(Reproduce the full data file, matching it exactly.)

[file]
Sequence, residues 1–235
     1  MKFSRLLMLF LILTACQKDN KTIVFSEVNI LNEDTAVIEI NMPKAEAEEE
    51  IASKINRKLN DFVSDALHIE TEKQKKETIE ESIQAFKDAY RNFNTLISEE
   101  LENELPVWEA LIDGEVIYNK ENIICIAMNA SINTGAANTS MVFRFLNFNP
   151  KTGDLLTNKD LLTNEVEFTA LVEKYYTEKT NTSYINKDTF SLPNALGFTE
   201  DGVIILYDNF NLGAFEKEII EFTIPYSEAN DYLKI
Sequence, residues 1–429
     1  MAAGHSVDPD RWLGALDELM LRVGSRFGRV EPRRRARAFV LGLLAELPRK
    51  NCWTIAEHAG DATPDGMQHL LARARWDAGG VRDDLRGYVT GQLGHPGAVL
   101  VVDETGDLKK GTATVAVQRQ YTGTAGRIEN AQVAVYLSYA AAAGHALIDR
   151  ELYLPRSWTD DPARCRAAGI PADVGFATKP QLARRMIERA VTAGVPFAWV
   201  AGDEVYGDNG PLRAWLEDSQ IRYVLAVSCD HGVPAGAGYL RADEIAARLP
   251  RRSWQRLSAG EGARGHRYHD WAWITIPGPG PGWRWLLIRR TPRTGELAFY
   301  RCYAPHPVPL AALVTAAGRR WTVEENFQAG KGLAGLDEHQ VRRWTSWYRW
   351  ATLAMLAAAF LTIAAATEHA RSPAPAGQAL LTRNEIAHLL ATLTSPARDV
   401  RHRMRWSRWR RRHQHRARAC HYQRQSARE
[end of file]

Sequence, residues 1–235
     1  MKFSRLLMLF LILTACQKDN KTIVFSEVNI LNEDTAVIEI NMPKAEAEEE
    51  IASKINRKLN DFVSDALHIE TEKQKKETIE ESIQAFKDAY RNFNTLISEE
   101  LENELPVWEA LIDGEVIYNK ENIICIAMNA SINTGAANTS MVFRFLNFNP
   151  KTGDLLTNKD LLTNEVEFTA LVEKYYTEKT NTSYINKDTF SLPNALGFTE
   201  DGVIILYDNF NLGAFEKEII EFTIPYSEAN DYLKI
Sequence, residues 1–429
     1  MAAGHSVDPD RWLGALDELM LRVGSRFGRV EPRRRARAFV LGLLAELPRK
    51  NCWTIAEHAG DATPDGMQHL LARARWDAGG VRDDLRGYVT GQLGHPGAVL
   101  VVDETGDLKK GTATVAVQRQ YTGTAGRIEN AQVAVYLSYA AAAGHALIDR
   151  ELYLPRSWTD DPARCRAAGI PADVGFATKP QLARRMIERA VTAGVPFAWV
   201  AGDEVYGDNG PLRAWLEDSQ IRYVLAVSCD HGVPAGAGYL RADEIAARLP
   251  RRSWQRLSAG EGARGHRYHD WAWITIPGPG PGWRWLLIRR TPRTGELAFY
   301  RCYAPHPVPL AALVTAAGRR WTVEENFQAG KGLAGLDEHQ VRRWTSWYRW
   351  ATLAMLAAAF LTIAAATEHA RSPAPAGQAL LTRNEIAHLL ATLTSPARDV
   401  RHRMRWSRWR RRHQHRARAC HYQRQSARE